Retrospective bookings:

Inevitably, if you are a gastroenterologist, you are going to have to organise your department somehow. This is usually a total nightmare and involves having little access to data and usually flying by the seat of your pants….but does it have to be like this? Most hospitals have some kind of electronic booking system for appointments and this records every patient episode where a booking has been made. It often records when a patient has not attended, or has been cancelled an appointment, and is obviously organised around the date of the booking episode. What a rich resource.

In general the flow of patients coming to see gastroenterologists, and doctors in general, goes like this:

And once we understand the flow, we can start to develop a framework to measure the flow through the system.

You need, of course, to be able to access and download the data you are interested in. For example, I can access gastroenterology data for all appointments within any timeframe. I then specify the service I am interested in, in gastroenterology by specifying the service I am interested in (ie physiology, or outpatients in hepatology etc). My data looks like this:

## Attaching package: 'lubridate'
## The following object is masked from 'package:base':
##     date
#Lets generate some hospital numbers
HospNumId<-sample(paste(sample(letters[1:4]),sample(seq(1000000, 9999999),size=1000),sep=""))
#Lets generate some appointment dates which also have time 
ApptDate<-sample(seq(as.Date('2013/02/01'), as.Date('2013/03/01'), by="day"),replace=T, 1000)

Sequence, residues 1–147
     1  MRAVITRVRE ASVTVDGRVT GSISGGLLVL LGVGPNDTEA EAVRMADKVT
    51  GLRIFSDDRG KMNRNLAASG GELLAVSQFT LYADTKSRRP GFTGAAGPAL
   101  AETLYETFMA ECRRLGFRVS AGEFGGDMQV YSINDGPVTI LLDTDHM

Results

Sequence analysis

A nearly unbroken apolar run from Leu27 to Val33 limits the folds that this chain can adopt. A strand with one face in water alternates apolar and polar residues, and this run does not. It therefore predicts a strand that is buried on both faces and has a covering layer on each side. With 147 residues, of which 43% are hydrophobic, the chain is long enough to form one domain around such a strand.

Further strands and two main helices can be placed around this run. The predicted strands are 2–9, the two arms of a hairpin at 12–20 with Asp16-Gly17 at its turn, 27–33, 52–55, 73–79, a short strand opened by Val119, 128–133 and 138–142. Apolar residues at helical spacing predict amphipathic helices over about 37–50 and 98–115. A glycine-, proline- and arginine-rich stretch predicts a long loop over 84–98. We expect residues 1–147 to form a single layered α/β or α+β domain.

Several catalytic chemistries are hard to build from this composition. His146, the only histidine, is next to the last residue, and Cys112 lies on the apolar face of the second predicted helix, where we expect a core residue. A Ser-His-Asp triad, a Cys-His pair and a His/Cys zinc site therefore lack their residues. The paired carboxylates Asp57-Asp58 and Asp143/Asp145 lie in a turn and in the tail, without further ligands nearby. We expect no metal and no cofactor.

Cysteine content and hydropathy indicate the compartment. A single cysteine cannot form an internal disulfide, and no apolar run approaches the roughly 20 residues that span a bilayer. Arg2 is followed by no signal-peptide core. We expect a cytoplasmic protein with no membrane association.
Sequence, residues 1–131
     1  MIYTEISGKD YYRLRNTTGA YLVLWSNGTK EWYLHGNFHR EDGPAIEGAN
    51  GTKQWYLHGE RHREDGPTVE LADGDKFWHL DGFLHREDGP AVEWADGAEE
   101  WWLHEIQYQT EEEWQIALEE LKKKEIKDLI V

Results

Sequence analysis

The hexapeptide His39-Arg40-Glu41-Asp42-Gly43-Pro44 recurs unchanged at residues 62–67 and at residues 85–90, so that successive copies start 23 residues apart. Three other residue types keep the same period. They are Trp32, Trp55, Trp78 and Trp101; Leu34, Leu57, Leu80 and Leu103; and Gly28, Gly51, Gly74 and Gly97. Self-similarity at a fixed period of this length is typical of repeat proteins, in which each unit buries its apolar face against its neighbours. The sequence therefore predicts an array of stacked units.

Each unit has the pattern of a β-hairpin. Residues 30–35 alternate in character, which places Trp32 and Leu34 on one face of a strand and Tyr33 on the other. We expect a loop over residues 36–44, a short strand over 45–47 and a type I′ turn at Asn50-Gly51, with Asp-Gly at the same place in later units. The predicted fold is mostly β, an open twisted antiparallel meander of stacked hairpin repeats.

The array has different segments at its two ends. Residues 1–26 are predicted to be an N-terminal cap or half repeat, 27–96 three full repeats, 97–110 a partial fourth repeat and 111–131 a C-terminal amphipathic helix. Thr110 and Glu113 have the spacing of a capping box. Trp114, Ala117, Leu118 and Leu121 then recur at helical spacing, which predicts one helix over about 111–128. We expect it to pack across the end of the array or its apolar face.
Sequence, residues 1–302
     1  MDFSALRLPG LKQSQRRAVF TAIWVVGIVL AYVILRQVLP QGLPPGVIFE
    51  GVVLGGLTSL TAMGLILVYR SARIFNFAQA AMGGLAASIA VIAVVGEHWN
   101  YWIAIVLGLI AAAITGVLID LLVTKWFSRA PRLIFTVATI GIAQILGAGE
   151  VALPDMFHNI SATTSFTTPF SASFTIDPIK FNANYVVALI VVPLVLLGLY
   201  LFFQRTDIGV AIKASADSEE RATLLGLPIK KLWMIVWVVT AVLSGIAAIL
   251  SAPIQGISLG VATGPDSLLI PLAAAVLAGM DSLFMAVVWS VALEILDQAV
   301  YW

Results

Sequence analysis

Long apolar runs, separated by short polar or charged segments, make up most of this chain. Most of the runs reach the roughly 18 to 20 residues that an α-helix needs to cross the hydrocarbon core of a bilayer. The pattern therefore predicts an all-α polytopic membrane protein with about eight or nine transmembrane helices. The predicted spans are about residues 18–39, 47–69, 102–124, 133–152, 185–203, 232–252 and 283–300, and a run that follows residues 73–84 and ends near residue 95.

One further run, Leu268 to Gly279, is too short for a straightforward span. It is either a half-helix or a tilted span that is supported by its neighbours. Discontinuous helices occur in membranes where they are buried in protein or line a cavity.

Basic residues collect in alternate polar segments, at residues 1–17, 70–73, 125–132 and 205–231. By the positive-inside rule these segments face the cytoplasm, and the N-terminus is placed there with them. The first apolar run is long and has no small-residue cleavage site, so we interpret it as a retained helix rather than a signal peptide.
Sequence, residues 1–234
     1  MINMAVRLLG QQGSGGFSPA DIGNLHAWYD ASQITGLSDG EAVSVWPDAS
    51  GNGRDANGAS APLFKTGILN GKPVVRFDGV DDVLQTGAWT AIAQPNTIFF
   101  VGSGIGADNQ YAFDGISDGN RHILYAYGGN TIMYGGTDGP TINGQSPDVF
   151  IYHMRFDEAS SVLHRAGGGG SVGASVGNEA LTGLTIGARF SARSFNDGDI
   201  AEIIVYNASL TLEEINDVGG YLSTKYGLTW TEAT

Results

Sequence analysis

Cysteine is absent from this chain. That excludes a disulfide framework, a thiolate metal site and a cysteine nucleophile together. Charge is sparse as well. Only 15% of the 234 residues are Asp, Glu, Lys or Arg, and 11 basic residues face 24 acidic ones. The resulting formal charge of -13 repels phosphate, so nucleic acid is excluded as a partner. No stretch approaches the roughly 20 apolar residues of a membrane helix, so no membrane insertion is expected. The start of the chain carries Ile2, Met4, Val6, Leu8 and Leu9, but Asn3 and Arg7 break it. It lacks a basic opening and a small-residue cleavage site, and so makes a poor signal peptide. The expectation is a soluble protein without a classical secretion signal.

FinalPOSIXApptDate<-as.POSIXct(paste(ApptDate," ",Time,sep=""))

#Lets generate the dates when appointments were actually booked
ApptDateBooked<-sample(seq(as.Date('2013/01/01'), as.Date('2013/01/31'), by="day"),replace=T, 1000)
FinalPOSIXBookedDate<-as.POSIXct(paste(ApptDateBooked," ",TimeBooked,sep=""))

#Lets generate some test types
TestType<-sample(c("Oesophageal Lab","Breath Tests","Manometry only"),1000,replace=T)
#And some outcomes
Outcome<-sample(c("DNA","Cancelled By Patient","Cancelled by Provider","Patient seen"),1000,replace=T)

Outcomes of bookings:

We can start our metrics by looking at point 1 and 2- what happens to patients booked for an appointment and what is the appointment utilization compared with this. With this dataset I can do some straightforward visualisations of what has been going on in the unit over, in this case, the previous month, (or over the previous 10 years to show how demand has changed if I wanted).

Of course I want to also know the following because it affects how we get paid….How many cancellations have there been, how many DNAs, and how many attended. This is easy to do. We just need to create a table by week and appointment outcome as follows

Breath Tests Manometry only Oesophageal Lab
Cancelled By Patient 83 77 80
Cancelled by Provider 93 75 99
DNA 83 81 82
Patient seen 83 85 79

This can also be visualised:

ggplot(Appts,aes(x=week(FinalPOSIXApptDate),fill=Outcome))+geom_histogram(binwidth = 1)+
  labs(title="Facet plot of attendance type by session code in the oesophageal physiology lab for the last 4 weeks from report run date") +
  facet_grid(TestType ~ .)

Examination of appointment usage

I am also obviously keen to organise the department so that we can make use of all appointments and not waste any. I want to see how many appointments we have booked in for the next month in the monrning and the afternoon. I will make use of the nice heatmap provided by the pheatmap package to make this easier to visualise:


#Tabulate the data so we can see how many patients are booked into each time slot

MyAppts$HourMin<-hour(ymd_hms(MyAppts$Var1)) + minute(ymd_hms(MyAppts$Var1))/60

#Now lets create a kind of heatmap with geom_tile:

ggplot(MyAppts, aes(x=HourMin, y=Day, fill=Freq))+ 
  geom_tile(color="white", size=0.1)+ 
  facet_wrap(~Var2, ncol=2)+
labs(x=NULL, y=NULL, title="Events per weekday & time of day")+

So now I know how busy we are going to be. But hang on, there are some empty slots, for whatever reason. Why don’t I see who has been waiting a long time to undergo their physiology testing, and move them forward.